Tuesday, November 3, 2009

The bread uproar - is white really that bad?

For such a simple story, even I was surprised how much interest the recent bread story generated. I guess I just assumed that most people knew that Turkish bread really isn't that good for you! In case you missed it, here is the Updates information that generated the media frenzy last week:

I know that the labels on the packet say that it is low GI and high in fibre but processing a food and then putting all the good stuff back in is never going to make it as good nutritionally as the unprocessed variety. Grains consumed whole, in their natural state contain a wide range of nutrients including Vitamin E, zinc and long chain fats which will always make them nutritionally superior than processed grains. In fact, as a dietitian I look at white bread and think that you may as well choose confectionery for the metabolic impact the food has on our body long term. Here are the commonly eaten white bread varieties and their relative carbohydrate and fibre contents for you to consider;
Bread Type Cal Carbs Fibre
Plain white 146 28.2 1.8
Wonder White 157 26.7 4.2
Helga’s 208 36.6 2.4
Lawson’s 302 53.0 3.4
Turkish 560 110.0 5.5
Sourdough 526 99.6 5.8
Mountain 144 27.5 2.1

Monday, November 2, 2009

Act like a woman, eat like a man

One of the most common food habits that brings a diet undone is the tendency to over do things at social gatherings. Potato chips, pesto dips, cheese and other nibbles contain plenty of calories and are exceptionally easy to overeat. An observation I have made is that men treat these foods very differently than women do. Men rarely plan their social engagements around their food choices, nor do they crowd around the kitchen stuffing their faces with non filling, high fat foods. On the other hand, women can spend hours planning the menu, preparing the food and making a distinct effort to make sure that they get to eat some of the delicious treats they have prepared!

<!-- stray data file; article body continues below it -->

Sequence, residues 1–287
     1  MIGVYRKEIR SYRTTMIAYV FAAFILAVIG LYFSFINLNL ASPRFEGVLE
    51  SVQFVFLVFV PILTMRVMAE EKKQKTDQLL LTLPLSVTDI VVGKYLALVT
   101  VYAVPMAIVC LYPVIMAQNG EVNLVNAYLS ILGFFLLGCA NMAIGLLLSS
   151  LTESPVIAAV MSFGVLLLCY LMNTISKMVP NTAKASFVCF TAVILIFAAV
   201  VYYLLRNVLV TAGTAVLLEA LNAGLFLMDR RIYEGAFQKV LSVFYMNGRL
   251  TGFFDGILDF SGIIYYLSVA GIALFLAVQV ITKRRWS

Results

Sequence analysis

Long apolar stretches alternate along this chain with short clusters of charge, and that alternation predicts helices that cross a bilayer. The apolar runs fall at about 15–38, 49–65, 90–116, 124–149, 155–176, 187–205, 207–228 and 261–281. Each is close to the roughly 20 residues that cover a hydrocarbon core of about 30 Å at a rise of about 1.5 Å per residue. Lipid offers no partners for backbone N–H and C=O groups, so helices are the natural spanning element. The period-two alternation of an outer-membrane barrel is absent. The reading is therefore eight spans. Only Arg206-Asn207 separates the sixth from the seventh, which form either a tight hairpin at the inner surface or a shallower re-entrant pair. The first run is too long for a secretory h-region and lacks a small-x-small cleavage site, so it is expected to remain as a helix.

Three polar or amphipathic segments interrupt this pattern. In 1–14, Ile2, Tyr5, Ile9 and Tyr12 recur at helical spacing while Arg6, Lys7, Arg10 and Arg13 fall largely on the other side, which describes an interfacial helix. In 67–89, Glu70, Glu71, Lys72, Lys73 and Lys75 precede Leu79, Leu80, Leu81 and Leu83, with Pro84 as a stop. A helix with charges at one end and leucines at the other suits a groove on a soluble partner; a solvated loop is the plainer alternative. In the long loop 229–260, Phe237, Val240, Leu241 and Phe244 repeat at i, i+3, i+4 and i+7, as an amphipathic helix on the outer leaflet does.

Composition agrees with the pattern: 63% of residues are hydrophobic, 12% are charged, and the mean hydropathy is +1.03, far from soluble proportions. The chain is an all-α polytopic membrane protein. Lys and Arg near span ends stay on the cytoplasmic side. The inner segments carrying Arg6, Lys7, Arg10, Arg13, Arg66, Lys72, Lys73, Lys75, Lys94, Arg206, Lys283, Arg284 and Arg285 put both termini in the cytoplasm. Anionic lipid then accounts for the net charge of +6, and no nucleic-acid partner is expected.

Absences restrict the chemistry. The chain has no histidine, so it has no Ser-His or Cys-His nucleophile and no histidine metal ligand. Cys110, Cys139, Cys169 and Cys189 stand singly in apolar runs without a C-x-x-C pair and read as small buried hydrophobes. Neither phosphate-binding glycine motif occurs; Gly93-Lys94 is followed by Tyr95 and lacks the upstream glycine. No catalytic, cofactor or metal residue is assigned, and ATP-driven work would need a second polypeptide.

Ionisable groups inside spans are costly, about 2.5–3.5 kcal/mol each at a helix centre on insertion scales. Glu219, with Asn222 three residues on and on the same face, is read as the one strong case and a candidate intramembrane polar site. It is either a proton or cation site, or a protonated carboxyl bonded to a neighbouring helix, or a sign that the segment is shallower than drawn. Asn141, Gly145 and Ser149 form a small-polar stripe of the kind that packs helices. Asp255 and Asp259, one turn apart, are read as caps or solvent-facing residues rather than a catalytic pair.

Over the next few weeks as the end of year party season kicks off, practice being exceptionally mindful when it comes to party food behaviours. Try and avoid the same high calorie nibbles that you have eaten a million times before by having a filling snack before you go and if you must indulge, determine how many snacks you will have before you begin eating. Stand away from the food, preferably with skinny people who seem to not eat much and pay particular attention to how much better you feel the next day when you have not subjected yourself to a complete calorie blow out. And if that is not convincing enough, here are your favourite pre-dinner snacks and the calories you will ingest if you eat them.

10 rice crackers + chunky pesto and cashew dip = 2000kJ
5 Jatz and Mersey Valley Cheese = 1100kJ
Large Bag Red Rock Deli Chips = 3500kJ
Large bag of Grain Waves = 3400kJ
½ Brie and 6 water crackers = 1700kJ
30 peanuts = 700kJ

Sunday, October 11, 2009

Why “healthy” is a misleading word

For those of you who take an interest in what you eat, and your health in general, new product releases that claim to be the latest and greatest for health and fitness catch our attention In the past few weeks alone we have seen a new high calcium breakfast cereal, no added sugar yoghurt and the product which particularly grabbed my attention, pizza with the Heart Foundation TICK. All of these products claim to be “healthy” choices, based on their individual nutritional characteristics which have a potential selling point with consumers.

Unfortunately from a dietetic perspective, my definition of what is healthy is often very different from a high GI cereal that has calcium added; a yoghurt that contains artificial sweetener or a brand of pizza which may have a TICK but which also contains >90g of total carbohydrate which is the carbohydrate equivalent to 6+ slices of bread.

Another more general example of this can be demonstrated if we consider the nutritional profile of ice cream versus yoghurt. Ice cream is generally thought of as a product that is far less healthy than yoghurt but if you consider that a tub of yoghurt can contain up to 30g of total carbohydrate and >200 calories compared to an ice cream such as Paddle Pop MOO which contains <100 calories and just 20g of total carbohydrate, you can again see that it can be easy to be mislead by products that are routinely put into a “healthy” category.